This is something I’m posting on Facebook, in part for the benefit of a high school friend, but I’m posting it here so non-Facebookers can see it. To some extent it’s a rehash of this post, but I’m going to see if I can make the points made in that post even clearer.
Let’s start by talking about rape. The extreme anti-abortion position is that abortion should always be illegal, even if the embryo was conceived as the result of a rape. This is because people who hold this view think aborting a 1 month old embryo (or a single fertilized egg cell, for that matter) is morally no different from killing a newborn baby. Therefore abortion is murder, and we don’t have a rape exception for murder, so we shouldn’t have a rape exception for abortion.
Yet the idea that abortion should be illegal even in cases of rape ought to horrify you. To say that is to say that a woman can be legally compelled to give up control of her body for nine months as a result of a traumatic event which she never chose to experience.
And forbidding infanticide even in cases of rape is pretty obviously not the same as forbidding abortion even in cases of rape, because forbidding infanticide doesn’t force women to give up control of their bodies. If a woman decides she can’t bear to raise her rapist’s child after it’s born, she can give it up for adoption, but abortion is the only option for a woman who doesn’t want to carry her rapist’s child to term.
Maybe you even a single fertilized egg cell is a person, and because of that you think it would be good for a woman who was pregnant with her rapist’s child to carry it to term. But that’s irrelevant to the question of whether abortion should be legal, because there are lots of things that would be good for us to do that the government doesn’t force us to do. And forcing a woman to carry her rapist’s child is something the government clearly shouldn’t be doing.
You may not realize it, but if you’ve agreed with my reasoning so far, you’ve already admitted that abortion isn’t murder. Because the anti-choice extremists are right about one thing: we don’t make a rape exception for murder. Where the extremists go wrong is in failing to realize that, even assuming that embryos are people, abortion still isn’t morally equivalent to killing a newborn, because the right of women to control their bodies matters.
I suspect that for some anti-choice folks who read this, their first thought will be to bring up late-term abortion. Focusing on late-term abortions is a popular rhetorical tactic among the anti-choice movement, but it’s largely irrelevant to the abortion debate in the U.S.–or at least the abortion debate we should be having in the U.S.
Here are the facts: in the U.S., nearly 90% of abortions are performed in the first 13 weeks of pregnancy, and less than two percent are performed after 21 weeks. However, in many U.S. states, anti-choice politicians have passed laws making it extremely difficult for women to get an abortion. A friend of mine who used to live in Arizona (one of the states colored dark-purple on the map in the previous link) described abortion as being “pretty much illegal” there. That’s what reasonable-sounding restrictions on abortion often amount to in real life, and it’s what rhetoric about “partial birth abortion” is used to cover for.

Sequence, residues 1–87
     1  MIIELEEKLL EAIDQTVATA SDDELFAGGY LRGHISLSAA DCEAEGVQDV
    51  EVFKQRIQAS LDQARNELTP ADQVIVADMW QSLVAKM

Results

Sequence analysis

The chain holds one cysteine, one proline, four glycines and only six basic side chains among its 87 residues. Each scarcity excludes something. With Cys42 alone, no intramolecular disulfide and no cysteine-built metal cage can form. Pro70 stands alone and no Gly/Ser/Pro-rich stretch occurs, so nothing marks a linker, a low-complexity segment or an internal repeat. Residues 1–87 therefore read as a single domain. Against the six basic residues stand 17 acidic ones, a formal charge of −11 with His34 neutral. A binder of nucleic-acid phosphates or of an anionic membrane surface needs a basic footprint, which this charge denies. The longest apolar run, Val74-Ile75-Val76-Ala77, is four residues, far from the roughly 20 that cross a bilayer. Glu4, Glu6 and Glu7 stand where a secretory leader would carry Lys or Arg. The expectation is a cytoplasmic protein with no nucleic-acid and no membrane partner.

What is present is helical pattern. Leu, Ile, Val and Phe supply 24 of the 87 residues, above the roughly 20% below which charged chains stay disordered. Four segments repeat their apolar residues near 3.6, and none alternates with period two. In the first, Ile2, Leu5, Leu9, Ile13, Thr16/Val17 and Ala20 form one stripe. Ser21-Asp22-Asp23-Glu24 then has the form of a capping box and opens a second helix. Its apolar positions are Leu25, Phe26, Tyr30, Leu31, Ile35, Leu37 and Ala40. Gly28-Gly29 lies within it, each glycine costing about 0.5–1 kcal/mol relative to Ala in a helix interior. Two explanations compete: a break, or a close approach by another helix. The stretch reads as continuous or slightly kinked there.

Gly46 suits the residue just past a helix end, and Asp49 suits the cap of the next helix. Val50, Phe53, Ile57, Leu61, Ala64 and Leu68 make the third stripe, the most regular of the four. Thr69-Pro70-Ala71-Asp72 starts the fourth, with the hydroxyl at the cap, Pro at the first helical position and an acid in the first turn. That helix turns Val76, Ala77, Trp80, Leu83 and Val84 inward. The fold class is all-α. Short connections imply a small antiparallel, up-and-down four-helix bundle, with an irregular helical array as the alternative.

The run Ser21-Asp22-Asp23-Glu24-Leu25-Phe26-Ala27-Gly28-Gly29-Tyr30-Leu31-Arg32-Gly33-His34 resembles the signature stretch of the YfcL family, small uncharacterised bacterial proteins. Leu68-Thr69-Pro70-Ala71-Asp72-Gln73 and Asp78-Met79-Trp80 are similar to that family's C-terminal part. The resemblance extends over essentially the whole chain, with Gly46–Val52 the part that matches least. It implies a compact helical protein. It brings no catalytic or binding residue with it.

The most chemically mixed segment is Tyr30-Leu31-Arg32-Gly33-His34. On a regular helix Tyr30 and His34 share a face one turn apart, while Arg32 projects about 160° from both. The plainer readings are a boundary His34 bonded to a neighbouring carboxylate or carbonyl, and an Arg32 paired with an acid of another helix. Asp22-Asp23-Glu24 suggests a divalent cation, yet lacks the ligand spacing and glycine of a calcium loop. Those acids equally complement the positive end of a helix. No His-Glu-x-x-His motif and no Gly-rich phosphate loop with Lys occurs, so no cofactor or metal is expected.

Now let’s return to the topic of exceptions for rape. Suppose by now you’ve recognized that abortion isn’t murder, but still think it should be generally illegal, just with exceptions for rape. If you say that, realize that this amounts to saying that a woman chooses to have sex, she must chance losing her legal right to control what happens to her body. And while you may be convinced you’re motivated purely by concern for the fetus, that position looks a hell of a lot like just wanting women to be punished for having sex. At the very least, it suggests you don’t place much value on a woman’s right to control her body.
Again, I need to emphasize that we’re not talking about what’s good for women to do, or even whether abortion is immoral. Even if you argued abortion is immoral, that wouldn’t be enough to justify outlawing it, because it would be crazy to try to outlaw every immoral action. When we’re talking about making something illegal, we’re talking about the government using force to stop people from doing it. So you need to ask yourself, are your reasons for being anti-abortion strong enough to justify the use of force to stop it? If you can’t honestly answer “yes” to that question, you can’t justify being anti-choice.
There’s a lot more I could say about this, and I recommend reading my previous post on the subject, as well as two posts by ex-fundamentalist blogger Libby Anne at Patheos. But the bottom line is this: I used to shrink away from arguments about abortion, because I bought the line that they depend on hard-t0-resolve debates about what a person is. But no more. If you take women’s rights seriously, there’s no way to support the things anti-choice politicians are doing in this country, regardless of what you think about when personhood begins. And I can no longer take abortion seriously as an excuse for supporting Republican politicians who only care about the interests of rich people.